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Compile-time tests for types. Useful to make sure types don't regress into being overly-permissive as changes go in over time.

Similar to Jest's expect, but with type-awareness. Gives you access to a number of type-matchers that let you make assertions about the form of a reference or generic type parameter.

import {foo, bar} from '../foo'
import {expectTypeOf} from 'expect-type'

test('foo types', () => {
  // make sure `foo` has type {a: number}
  expectTypeOf(foo).toMatchTypeOf<{a: number}>()

  // make sure `bar` is a function taking a string:

It can be used in your existing test files - or any other type-checked file you'd like - it's built into existing tooling with no dependencies. No extra build step, cli tool, IDE extension, or lint plugin is needed. Just import the function and start writing tests. Failures will be at compile time - they'll appear in your IDE and when you run tsc.

See below for lots more examples.


Installation and usage

npm install expect-type --save-dev
import {expectTypeOf} from 'expect-type'


The expectTypeOf method takes a single argument, or a generic parameter. Neither it, nor the functions chained off its return value, have any meaningful runtime behaviour. The assertions you write will be compile-time errors if they don't hold true.


Check an object's type with .toEqualTypeOf:

expectTypeOf({a: 1}).toEqualTypeOf<{a: number}>()

.toEqualTypeOf can check that two concrete objects have equivalent types (note: when these assertions fail, the error messages can be less informative vs the generic typearg syntax above - see error messages docs):

expectTypeOf({a: 1}).toEqualTypeOf({a: 1})

.toEqualTypeOf succeeds for objects with different values, but the same type:

expectTypeOf({a: 1}).toEqualTypeOf({a: 2})

.toEqualTypeOf fails on extra properties:

// @ts-expect-error
expectTypeOf({a: 1, b: 1}).toEqualTypeOf<{a: number}>()

To allow for extra properties, use .toMatchTypeOf. This is roughly equivalent to an extends constraint in a function type argument.:

expectTypeOf({a: 1, b: 1}).toMatchTypeOf<{a: number}>()

.toEqualTypeOf and .toMatchTypeOf both fail on missing properties:

// @ts-expect-error
expectTypeOf({a: 1}).toEqualTypeOf<{a: number; b: number}>()
// @ts-expect-error
expectTypeOf({a: 1}).toMatchTypeOf<{a: number; b: number}>()

Another example of the difference between .toMatchTypeOf and .toEqualTypeOf, using generics. .toMatchTypeOf can be used for "is-a" relationships:

type Fruit = {type: 'Fruit'; edible: boolean}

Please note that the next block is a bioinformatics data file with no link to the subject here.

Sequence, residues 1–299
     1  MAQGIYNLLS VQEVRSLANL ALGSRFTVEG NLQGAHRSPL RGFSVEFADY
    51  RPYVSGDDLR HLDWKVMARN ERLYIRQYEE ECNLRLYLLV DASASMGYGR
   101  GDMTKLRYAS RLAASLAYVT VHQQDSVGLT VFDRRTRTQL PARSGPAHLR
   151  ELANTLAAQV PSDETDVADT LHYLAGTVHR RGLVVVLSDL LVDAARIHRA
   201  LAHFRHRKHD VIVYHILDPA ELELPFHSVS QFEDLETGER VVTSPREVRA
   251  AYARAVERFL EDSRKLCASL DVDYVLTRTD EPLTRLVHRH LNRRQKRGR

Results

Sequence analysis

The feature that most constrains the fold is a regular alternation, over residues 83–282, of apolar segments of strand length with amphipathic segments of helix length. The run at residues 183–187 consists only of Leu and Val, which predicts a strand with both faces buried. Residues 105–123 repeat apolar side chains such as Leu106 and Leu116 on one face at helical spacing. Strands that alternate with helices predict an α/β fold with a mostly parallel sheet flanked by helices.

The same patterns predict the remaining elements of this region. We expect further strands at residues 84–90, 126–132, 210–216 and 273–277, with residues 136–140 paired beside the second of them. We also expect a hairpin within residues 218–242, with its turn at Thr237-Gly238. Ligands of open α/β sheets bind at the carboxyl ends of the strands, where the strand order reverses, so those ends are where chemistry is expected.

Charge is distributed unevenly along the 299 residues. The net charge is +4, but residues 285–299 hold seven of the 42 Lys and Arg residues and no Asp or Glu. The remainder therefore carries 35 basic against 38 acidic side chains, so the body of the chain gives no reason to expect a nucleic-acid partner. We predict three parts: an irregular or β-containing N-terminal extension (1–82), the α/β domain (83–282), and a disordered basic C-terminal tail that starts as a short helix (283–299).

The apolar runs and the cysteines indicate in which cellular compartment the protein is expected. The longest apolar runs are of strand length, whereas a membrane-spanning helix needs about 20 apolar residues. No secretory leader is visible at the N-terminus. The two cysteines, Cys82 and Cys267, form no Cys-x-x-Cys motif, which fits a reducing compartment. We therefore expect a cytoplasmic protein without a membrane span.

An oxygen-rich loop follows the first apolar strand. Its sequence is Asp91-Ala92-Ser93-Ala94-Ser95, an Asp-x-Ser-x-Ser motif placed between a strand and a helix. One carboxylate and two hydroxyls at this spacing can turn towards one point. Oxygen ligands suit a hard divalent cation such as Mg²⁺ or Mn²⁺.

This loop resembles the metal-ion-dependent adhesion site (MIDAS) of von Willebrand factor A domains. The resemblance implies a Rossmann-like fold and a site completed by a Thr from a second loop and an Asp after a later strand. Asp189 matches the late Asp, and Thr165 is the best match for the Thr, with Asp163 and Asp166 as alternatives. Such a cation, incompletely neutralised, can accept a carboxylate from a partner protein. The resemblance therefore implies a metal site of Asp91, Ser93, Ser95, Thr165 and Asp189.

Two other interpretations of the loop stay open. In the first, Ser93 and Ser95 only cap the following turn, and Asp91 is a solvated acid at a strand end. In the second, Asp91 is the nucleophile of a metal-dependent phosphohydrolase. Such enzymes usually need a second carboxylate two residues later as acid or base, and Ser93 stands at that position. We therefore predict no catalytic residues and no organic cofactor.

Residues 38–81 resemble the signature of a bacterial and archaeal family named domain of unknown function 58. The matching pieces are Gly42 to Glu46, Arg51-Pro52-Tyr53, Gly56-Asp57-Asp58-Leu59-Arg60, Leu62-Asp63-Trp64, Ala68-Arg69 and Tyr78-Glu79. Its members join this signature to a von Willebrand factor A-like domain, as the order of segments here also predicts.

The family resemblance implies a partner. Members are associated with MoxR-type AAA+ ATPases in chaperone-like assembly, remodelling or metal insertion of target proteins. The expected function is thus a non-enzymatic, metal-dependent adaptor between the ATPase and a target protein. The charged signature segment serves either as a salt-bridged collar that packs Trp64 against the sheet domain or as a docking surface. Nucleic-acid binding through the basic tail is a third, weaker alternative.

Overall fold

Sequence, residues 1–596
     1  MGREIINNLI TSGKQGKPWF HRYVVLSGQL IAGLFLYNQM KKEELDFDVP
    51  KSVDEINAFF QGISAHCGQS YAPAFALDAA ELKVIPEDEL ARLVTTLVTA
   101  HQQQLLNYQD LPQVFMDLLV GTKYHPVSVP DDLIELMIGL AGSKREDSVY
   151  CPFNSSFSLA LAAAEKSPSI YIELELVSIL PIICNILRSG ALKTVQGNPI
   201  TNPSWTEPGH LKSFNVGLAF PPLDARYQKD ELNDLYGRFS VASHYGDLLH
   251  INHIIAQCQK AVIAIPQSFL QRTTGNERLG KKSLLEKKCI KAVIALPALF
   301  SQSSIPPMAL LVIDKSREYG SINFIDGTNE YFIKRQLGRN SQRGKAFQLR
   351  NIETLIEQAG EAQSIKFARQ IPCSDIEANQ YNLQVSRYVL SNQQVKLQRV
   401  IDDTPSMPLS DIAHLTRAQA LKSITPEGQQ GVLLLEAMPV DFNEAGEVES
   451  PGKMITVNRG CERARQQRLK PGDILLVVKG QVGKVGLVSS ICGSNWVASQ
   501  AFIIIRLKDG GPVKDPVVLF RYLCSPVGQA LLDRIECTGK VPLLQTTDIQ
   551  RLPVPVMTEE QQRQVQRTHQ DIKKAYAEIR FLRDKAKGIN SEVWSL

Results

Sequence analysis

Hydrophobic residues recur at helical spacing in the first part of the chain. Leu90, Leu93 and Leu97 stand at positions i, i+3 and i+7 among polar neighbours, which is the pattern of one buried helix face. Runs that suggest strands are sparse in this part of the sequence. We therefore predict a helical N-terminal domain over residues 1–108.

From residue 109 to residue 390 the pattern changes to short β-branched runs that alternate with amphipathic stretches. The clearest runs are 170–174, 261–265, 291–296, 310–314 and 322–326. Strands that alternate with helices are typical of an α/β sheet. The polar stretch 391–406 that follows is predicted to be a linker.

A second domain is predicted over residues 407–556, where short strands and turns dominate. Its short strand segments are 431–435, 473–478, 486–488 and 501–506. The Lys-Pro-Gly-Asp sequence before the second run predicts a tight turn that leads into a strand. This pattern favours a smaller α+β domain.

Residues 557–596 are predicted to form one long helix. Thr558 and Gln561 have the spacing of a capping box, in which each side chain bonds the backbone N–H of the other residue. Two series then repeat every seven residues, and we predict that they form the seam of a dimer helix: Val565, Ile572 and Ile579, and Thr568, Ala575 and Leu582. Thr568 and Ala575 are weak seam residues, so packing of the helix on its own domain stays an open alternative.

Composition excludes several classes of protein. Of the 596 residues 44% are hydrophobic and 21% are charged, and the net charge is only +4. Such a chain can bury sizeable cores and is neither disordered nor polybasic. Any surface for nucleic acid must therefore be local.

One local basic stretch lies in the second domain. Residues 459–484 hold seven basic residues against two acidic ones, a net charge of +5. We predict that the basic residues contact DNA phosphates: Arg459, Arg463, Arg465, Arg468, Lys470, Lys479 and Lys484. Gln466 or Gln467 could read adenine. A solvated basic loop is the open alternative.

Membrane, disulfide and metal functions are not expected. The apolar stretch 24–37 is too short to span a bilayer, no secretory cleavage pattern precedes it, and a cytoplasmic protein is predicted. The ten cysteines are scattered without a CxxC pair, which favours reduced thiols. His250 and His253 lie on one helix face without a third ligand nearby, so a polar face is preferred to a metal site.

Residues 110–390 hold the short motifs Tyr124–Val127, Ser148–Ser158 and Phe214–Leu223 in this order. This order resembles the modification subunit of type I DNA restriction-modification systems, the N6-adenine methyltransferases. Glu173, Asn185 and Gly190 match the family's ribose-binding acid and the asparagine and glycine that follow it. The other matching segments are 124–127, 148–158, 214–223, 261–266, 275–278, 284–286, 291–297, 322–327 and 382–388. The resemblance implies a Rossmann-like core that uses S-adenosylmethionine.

type Apple = {type: 'Fruit'; name: 'Apple'; edible: true}


// @ts-expect-error

// @ts-expect-error

Assertions can be inverted with .not:

expectTypeOf({a: 1}).not.toMatchTypeOf({b: 1})

.not can be easier than relying on // @ts-expect-error:

type Fruit = {type: 'Fruit'; edible: boolean}
type Apple = {type: 'Fruit'; name: 'Apple'; edible: true}



Catch any/unknown/never types:


// @ts-expect-error

.toEqualTypeOf distinguishes between deeply-nested any and unknown properties:

expectTypeOf<{deeply: {nested: any}}>().not.toEqualTypeOf<{deeply: {nested: unknown}}>()

Test for basic javascript types:

expectTypeOf(() => 1).toBeFunction()
expectTypeOf(() => {}).returns.toBeVoid()

.toBe... methods allow for types which extend the expected type:





.toBe... methods protect against any:

const goodIntParser = (s: string) => Number.parseInt(s, 10)
const badIntParser = (s: string) => JSON.parse(s) // uh-oh - works at runtime if the input is a number, but return 'any'

// @ts-expect-error - if you write a test like this, `.toBeNumber()` will let you know your implementation returns `any`.

Nullable types:



expectTypeOf<1 | undefined>().toBeNullable()
expectTypeOf<1 | null>().toBeNullable()
expectTypeOf<1 | undefined | null>().toBeNullable()

More .not examples:


Detect assignability of unioned types:

expectTypeOf<number>().toMatchTypeOf<string | number>()
expectTypeOf<string | number>().not.toMatchTypeOf<number>()

Use .extract and .exclude to narrow down complex union types:

type ResponsiveProp<T> = T | T[] | {xs?: T; sm?: T; md?: T}
const getResponsiveProp = <T>(_props: T): ResponsiveProp<T> => ({})
type CSSProperties = {margin?: string; padding?: string}

const cssProperties: CSSProperties = {margin: '1px', padding: '2px'}

  .exclude<{xs?: unknown}>()


  .extract<{xs?: any}>()
  .toEqualTypeOf<{xs?: CSSProperties; sm?: CSSProperties; md?: CSSProperties}>()

expectTypeOf<ResponsiveProp<number>>().exclude<number | number[]>().toHaveProperty('sm')
expectTypeOf<ResponsiveProp<number>>().exclude<number | number[]>().not.toHaveProperty('xxl')

.extract and .exclude return never if no types remain after exclusion:

type Person = {name: string; age: number}